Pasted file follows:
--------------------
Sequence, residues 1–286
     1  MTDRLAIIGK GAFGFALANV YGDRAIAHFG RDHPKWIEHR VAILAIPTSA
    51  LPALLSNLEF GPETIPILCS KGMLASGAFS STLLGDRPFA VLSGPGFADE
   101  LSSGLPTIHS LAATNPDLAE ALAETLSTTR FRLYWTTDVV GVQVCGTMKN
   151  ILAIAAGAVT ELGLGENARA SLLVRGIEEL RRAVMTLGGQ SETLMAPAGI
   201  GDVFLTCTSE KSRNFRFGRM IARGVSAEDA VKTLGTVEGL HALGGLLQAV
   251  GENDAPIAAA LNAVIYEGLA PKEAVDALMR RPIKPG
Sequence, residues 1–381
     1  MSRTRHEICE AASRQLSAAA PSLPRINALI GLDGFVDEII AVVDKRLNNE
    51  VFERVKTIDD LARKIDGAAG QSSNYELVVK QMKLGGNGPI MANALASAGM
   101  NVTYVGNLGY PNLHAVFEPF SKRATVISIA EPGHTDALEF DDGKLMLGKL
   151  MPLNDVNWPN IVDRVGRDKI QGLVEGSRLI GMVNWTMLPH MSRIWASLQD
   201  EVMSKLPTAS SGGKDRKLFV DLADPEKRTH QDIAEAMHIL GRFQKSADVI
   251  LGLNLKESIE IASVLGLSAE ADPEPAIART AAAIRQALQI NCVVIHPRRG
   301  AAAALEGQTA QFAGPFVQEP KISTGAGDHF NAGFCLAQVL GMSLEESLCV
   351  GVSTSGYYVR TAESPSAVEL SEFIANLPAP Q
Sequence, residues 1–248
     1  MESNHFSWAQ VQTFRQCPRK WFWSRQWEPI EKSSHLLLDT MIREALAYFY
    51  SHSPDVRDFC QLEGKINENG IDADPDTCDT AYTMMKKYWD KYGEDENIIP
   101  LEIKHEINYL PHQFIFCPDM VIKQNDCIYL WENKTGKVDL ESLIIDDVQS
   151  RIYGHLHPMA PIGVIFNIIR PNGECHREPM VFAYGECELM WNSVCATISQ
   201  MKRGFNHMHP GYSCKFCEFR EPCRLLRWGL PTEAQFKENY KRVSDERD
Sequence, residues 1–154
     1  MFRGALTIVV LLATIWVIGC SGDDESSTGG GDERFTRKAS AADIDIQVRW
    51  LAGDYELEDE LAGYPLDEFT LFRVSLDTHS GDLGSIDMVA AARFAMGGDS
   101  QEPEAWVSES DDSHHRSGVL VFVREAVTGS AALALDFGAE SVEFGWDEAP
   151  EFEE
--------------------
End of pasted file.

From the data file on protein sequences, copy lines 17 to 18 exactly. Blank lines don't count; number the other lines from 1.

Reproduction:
Sequence, residues 1–248
     1  MESNHFSWAQ VQTFRQCPRK WFWSRQWEPI EKSSHLLLDT MIREALAYFY